13 Oct 2015
The Clientele - Alone and Unreal: The Best of the Clientele
Reviewed by Tom Sandford
Wistful, breezy and literate, the Clientele created a near-perfect run of albums and EPs between 2000 and 2010, before effectively disbanding in July 2011. Fuelled by the whispered visions and reverb-drenched guitar textures of their poet-in-residence, Alasdair MacLean, the band created an instantly recognizable sound that became as synonymous with autumnal reflection as anything in Van Morrison’s canon. How many bands in the modern rock era could claim to have defined their own unique sound, let alone boast a consistently progressive and distinguished body of work?
If you missed the Clientele during their heyday and aren’t really sure whether you want to become a regular – er, client – then Merge Records’ 11-song collection is surely the way to go. Arranged chronologically, and featuring at least one selection from each of the band’s five albums (plus one gorgeous bonus track, “On a Summer Trail”), Alone & Unreal stands as a gentle reminder of – and sublime testament to – the simple joy to be found in a succinct, well-picked career overview. Indeed, in an era when the lavishly packaged, super-duper deluxe box set posits an excess of pointless trinkets as an attempt to capture the essence of a band’s legacy – in the form of musical barrel-scrapings, accompanied by towels, coffee table books, scarves, buttons, tea cozies, etc. – this collection hearkens back to a time when entire eras could be defined by a concise collection.
Elton John’s Greatest Hits (released in 1974) took the listener on a wild, glittery ride through an impeccably chosen selection of power ballads, sensitive singer-songwriter musings, stadium-ready rockers, jaunty ‘50s throwbacks and vivid character studies – and miraculously, still managed to create a coherent, bullet-proof, standalone career summary. Its significant impact has, of course, been dulled by an endless series “definitive” compilations and box sets in the years since, some of which contain sub-par material used as enticements for completists – B-sides and the like – but it will always remain one of the best collections of the rock era. It flowed together so well that it took on its own personality: it became its own 10-song statement, not an advert for the five motherships from which it was culled.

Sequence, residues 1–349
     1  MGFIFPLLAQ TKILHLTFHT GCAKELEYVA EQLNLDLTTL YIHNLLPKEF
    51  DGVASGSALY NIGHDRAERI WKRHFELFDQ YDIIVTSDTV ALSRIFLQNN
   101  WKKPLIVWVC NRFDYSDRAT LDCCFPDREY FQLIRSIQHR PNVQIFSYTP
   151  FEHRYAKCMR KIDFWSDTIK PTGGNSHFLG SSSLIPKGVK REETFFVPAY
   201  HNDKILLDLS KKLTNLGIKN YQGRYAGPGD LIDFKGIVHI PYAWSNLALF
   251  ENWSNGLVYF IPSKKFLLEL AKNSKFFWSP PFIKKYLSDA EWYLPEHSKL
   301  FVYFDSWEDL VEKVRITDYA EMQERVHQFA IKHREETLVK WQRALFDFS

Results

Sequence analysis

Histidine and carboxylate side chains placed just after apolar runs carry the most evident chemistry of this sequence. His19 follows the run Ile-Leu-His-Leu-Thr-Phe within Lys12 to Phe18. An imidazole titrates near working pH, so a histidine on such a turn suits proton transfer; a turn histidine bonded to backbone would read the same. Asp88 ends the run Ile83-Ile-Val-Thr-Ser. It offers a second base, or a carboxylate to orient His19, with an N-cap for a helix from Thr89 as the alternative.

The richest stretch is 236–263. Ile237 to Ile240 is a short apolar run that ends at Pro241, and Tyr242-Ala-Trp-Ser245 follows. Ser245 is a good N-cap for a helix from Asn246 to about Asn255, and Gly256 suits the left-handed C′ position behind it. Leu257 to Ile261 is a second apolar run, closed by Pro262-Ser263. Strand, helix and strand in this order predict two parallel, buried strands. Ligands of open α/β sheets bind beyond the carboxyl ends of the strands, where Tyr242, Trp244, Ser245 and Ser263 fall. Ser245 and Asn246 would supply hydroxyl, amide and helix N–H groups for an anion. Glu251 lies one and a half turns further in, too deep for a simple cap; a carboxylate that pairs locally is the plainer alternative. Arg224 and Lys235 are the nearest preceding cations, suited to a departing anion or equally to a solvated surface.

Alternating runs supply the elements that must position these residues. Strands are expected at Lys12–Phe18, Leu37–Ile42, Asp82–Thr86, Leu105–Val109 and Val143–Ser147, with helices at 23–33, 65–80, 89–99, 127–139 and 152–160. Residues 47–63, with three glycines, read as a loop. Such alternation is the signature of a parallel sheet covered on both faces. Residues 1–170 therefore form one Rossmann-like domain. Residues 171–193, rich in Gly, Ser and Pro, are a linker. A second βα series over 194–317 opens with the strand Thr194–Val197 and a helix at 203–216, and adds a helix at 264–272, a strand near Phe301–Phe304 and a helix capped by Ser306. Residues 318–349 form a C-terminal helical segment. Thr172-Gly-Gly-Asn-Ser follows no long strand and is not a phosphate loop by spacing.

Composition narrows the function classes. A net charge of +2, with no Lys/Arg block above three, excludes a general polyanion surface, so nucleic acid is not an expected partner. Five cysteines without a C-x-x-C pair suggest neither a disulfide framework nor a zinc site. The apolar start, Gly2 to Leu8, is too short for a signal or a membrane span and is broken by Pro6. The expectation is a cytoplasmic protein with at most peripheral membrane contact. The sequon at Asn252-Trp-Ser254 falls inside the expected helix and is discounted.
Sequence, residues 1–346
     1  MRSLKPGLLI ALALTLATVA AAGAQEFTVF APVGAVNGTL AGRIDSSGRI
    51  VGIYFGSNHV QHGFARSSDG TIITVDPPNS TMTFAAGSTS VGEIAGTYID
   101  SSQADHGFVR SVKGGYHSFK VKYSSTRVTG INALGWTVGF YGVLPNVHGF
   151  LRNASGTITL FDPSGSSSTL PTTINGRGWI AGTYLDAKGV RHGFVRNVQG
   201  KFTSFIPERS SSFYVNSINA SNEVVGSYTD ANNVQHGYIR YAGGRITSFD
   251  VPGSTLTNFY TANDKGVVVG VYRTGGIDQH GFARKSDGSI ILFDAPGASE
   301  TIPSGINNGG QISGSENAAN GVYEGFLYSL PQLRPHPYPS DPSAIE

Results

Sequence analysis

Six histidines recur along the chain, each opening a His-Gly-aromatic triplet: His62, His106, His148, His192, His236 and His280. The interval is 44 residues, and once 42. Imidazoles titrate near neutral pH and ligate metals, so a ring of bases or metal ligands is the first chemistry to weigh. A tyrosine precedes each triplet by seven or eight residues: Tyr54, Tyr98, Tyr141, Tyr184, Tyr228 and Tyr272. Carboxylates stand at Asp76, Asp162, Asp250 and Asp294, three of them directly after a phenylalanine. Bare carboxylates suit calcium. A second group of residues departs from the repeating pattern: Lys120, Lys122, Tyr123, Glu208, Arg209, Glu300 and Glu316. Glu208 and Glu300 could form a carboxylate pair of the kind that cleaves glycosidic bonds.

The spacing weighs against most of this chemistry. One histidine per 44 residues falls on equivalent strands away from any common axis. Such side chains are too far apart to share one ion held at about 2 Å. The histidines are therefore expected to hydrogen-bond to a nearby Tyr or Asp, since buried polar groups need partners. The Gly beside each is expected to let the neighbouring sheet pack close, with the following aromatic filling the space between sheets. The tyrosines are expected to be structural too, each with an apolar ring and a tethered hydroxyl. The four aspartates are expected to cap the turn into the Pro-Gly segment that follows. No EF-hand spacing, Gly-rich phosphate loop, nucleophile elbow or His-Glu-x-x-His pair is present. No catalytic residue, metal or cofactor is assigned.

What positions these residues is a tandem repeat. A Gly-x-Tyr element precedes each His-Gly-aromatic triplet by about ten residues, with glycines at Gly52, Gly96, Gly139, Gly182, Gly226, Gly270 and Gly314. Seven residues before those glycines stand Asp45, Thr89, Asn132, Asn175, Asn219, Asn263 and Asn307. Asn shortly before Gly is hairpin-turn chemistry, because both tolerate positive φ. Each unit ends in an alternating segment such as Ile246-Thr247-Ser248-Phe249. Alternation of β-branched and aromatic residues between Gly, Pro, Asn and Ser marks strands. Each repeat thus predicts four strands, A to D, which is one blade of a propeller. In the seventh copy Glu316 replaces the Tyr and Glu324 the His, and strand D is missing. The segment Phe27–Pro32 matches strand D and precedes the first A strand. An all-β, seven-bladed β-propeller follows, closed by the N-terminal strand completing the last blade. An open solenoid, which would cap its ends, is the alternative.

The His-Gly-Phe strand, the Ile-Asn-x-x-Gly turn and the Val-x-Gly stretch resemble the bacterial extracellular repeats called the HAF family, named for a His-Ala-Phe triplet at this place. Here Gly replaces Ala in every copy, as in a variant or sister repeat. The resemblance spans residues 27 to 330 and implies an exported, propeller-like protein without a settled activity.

Similarly, Alone and Unreal reminds us that we don’t need to overwhelm with content to impress. Sometimes less is definitely more. And so we begin quietly, with “Reflections After Jane,” a breathy, windswept version of the Velvet Underground’s “Sweet Jane.” “We Could Walk Together” and “Missing” feature the kind of hypnotic guitar arpeggios that would become a staple of the band’s sound; while “Since K Got Over Me” represents a slight toughening of approach (this mysterious person known only by one letter is referenced in another song from 2005’s Strange Geometry, “K”). From the same album, “(I Can’t Seem) to Make You Mine” (not a cover of the Seeds’ classic) shows a new depth and maturity. This is eloquent and beautiful chamber pop at its very best. Swirling guitar lines echo through the lush strings like a leaf blowing in the chilly October air, while MacLean’s vocals in the chorus evince startling vulnerability. If this track doesn’t reel you in, nothing will.
All of the tracks are winners, but special mention must be made of “Never Anyone But You,” from the band’s final full-length LP, Bonfires on the Heath. In what is perhaps their single greatest achievement, MacLean delivers plaintive eulogy that speaks to the palpable effect and influence the dead wield over the living. It is drop-to-your-knees moving, and one of the finest songs of the last 20 years.
Look, you don’t need a 4-CD box set filled with tedious breakdowns, false starts, studio chatter and inferior alt takes to get to the essence of a band. Sometimes it can be done over the course of a simple sampling. Elton proved it in 1974, and the much-missed, never forgotten, Clientele prove it in 2015. Brevity is belief. Tea cozies not included.
Available here (UK/EU), or here (US).
Note: On October 23, 2015, the Clientele will be reforming for a one-off show at Islington Assembly Hall, London, UK, to celebrate the release of Alone & Unreal: The Best of the Clientele. Details at www.theclientele.co.uk.